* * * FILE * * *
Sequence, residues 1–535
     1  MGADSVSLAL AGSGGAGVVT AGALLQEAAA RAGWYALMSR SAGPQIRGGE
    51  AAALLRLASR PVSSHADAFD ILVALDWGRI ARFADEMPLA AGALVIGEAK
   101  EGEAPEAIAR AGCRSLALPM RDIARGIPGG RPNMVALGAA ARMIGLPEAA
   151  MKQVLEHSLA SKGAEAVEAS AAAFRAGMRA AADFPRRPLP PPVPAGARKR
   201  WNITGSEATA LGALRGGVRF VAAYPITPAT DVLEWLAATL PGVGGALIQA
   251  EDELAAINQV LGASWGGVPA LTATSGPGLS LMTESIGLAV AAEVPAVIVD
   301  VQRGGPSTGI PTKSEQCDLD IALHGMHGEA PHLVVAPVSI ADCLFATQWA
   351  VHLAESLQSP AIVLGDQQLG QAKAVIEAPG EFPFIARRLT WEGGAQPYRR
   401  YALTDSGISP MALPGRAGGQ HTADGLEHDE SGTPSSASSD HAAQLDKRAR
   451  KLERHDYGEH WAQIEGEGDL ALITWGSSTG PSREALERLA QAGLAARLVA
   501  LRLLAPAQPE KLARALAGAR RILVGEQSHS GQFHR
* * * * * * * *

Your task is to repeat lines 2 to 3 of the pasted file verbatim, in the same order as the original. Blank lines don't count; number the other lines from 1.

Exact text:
     1  MGADSVSLAL AGSGGAGVVT AGALLQEAAA RAGWYALMSR SAGPQIRGGE
    51  AAALLRLASR PVSSHADAFD ILVALDWGRI ARFADEMPLA AGALVIGEAK